Blackest Night: Titans 3 – Ed Benes is at his best, and the colorist is also great here. The mini-series concludes with Dove being the death-touch for all of the Black Lanterns, severing the connections of the rings. The only part where this story falls short is when Gar talks about Terra, highlighting yet again JT Krul’s short-fall of proper knowledge about Titan history. Gar claims that he “heard what everyone said behind my back” about Terra, but believed she was a good person. Krul needs to reread the Judas Contract and related stories. At the time, everyone liked terra, although Raven had some issues with her. Terra fooled the whole team. Nobody was saying anything bad about her behind anyone’s back. That’s what made her betrayal so huge, and so awesomely bad. Krul’s revision that none of the other Titans lied her is categorically false, and ruins the current plot in an attempt to show growth for Gar. A good editor would have caught it.

The Last Days of Animal Man 6 – Lazy art wraps up a bad story, with Buddy beating the bad guys with microscopic bacteria, and setting himself up as a stunt director. At the end, the League of Titans asks him to basically do monitor duty for them, and he turns them down. His wife has to tell him that he doesn’t have to give up being himself just to keep the family happy. Idiot that Buddy is, and everything he went through that was supposed to help him grow and learn this point,… and we still have to have his wife hit him over the had with it on the fifth-to-last page. Terrible! Even worse, Starfire is playing a peeping-tom. Has she been hanging outside his window all these days, waiting for him to discover the meaning of life? Even she says, “It’s about time.” I mean, how many months has she been stalking him now? Terrible.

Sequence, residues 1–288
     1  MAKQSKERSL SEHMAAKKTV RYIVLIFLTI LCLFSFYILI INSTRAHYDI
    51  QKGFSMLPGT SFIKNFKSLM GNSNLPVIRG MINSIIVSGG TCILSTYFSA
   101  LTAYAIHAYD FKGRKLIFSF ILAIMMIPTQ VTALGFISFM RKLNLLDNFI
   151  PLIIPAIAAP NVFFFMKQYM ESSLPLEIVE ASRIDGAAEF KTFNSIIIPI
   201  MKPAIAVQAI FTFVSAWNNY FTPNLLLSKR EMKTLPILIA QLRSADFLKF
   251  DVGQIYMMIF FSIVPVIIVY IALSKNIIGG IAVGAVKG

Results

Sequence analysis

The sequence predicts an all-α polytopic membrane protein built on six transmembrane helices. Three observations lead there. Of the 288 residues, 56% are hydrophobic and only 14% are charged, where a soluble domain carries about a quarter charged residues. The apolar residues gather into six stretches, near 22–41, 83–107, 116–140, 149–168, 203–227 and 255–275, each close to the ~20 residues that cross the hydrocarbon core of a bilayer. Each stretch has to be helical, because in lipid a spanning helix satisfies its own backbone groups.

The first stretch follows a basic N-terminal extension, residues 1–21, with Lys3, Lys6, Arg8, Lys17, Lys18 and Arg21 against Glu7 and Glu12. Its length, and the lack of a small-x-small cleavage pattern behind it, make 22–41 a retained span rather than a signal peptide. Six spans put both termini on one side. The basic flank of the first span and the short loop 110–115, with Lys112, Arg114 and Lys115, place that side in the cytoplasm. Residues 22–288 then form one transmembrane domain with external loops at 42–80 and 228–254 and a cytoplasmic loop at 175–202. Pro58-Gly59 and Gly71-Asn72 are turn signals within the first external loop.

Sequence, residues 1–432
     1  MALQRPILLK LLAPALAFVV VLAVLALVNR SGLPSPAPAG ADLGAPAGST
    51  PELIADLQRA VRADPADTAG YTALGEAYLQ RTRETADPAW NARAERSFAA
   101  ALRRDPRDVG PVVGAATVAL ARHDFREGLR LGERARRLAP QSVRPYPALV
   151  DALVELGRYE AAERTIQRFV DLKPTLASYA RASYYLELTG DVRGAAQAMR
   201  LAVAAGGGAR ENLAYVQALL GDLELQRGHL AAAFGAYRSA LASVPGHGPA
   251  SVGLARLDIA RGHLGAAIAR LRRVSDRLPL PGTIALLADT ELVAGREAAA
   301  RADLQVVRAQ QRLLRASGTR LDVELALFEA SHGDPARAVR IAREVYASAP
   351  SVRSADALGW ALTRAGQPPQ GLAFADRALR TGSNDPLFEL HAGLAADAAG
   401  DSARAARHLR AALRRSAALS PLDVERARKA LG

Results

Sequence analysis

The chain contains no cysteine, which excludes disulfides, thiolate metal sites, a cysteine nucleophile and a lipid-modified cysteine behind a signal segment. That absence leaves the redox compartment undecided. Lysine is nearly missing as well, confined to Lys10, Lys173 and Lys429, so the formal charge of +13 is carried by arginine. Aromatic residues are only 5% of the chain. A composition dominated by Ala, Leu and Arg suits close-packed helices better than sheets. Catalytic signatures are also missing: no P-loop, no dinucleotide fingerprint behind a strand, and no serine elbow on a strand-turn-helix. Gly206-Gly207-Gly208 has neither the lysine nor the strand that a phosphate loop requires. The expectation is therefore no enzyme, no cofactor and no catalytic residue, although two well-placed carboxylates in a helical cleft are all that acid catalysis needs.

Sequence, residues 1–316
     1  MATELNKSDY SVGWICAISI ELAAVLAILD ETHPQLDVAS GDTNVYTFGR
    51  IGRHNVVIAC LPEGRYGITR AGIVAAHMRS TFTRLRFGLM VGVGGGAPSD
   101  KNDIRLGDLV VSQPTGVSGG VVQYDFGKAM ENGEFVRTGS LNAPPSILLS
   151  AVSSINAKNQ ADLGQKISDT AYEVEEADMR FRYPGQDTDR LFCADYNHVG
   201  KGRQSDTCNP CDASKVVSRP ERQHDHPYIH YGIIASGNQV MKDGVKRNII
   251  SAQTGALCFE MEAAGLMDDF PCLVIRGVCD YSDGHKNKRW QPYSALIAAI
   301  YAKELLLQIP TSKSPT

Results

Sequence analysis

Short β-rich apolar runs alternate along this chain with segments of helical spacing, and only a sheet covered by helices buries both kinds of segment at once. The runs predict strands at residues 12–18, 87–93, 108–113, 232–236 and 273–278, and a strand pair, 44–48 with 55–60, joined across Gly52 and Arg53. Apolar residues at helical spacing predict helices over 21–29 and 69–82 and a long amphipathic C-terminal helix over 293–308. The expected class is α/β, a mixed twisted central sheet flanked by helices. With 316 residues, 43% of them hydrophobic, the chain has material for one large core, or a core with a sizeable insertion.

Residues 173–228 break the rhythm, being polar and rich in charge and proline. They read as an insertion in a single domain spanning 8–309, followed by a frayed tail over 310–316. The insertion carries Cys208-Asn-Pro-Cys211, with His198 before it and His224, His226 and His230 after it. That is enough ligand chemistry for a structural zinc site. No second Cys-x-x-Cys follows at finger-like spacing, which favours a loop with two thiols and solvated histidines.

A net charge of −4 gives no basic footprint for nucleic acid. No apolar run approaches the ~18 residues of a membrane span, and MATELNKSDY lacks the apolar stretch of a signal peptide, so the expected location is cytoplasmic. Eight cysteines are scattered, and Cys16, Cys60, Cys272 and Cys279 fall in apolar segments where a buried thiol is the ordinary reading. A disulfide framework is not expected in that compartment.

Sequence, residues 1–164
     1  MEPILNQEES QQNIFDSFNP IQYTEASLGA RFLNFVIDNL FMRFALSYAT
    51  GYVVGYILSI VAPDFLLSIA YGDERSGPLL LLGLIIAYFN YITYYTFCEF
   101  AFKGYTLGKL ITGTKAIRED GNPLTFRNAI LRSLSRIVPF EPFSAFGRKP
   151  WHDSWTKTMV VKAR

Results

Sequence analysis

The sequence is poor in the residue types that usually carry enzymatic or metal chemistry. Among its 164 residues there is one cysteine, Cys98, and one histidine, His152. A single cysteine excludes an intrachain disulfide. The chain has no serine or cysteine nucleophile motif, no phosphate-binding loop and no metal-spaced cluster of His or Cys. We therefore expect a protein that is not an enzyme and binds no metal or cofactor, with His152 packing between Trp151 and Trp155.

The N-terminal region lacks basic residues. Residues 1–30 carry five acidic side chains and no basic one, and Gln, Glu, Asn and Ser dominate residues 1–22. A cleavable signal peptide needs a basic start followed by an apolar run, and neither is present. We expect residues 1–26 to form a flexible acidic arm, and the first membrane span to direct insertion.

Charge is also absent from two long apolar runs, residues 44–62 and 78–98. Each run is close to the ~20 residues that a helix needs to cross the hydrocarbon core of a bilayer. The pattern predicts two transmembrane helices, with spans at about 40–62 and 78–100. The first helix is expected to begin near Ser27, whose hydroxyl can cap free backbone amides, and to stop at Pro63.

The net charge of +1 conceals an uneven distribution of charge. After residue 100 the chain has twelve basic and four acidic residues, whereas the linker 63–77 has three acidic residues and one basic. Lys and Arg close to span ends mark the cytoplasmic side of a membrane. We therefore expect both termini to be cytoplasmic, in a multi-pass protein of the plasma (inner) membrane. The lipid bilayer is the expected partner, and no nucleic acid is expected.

Detective 858 – J. H. Williams III gives us a different style for this flashback story, which shows the twins, Alice and Kate growing up with their parents. He switches to his more recent modern panel experiments for a couple pages, just to keep the story moving along a small bit in the present. Then we see how Kate’s family life fell apart in a hostage crime. Rucka’s done a good thing here, I think, but it did make for a sudden halt in the regular storyline.

Rucka finishes the current arc with the Question for the backup feature, with less-than-stellar art by Cully Hamner. Renee climbs onto the mansion’s outer walls, which don’t even have elegant spikes to ward off trespassers (what kind of villain is this, to have smooth walls?!?), and the goons can’t hit her. I’ve been compaining abou thtis for months, and even one of the crooks declares, “You guys are the worst shots ever.” Said goon is also holding a gun, and didn’t manage to hit anything either, by the way. As boring as the art is, the story actually manages to wrap itself up better than anything the beginning or middle did for itself.

Green Lantern 47 – Pure awesome. Doug Mahnke is in high form on art, and the colorist does a remarkable job. I commented last issue that it was a little strange to see Sinestro stepping up to take charge, and Hal adequately counters that this issue, settling that Hal will be in the lead. Originally he was hesitant to even leave his colleagues on Earth, but nature abhors a vacuum, and Hal could only stand by for so long as Sinestro attempted to fill that void. Geoff Johns continues the excellent meta-story.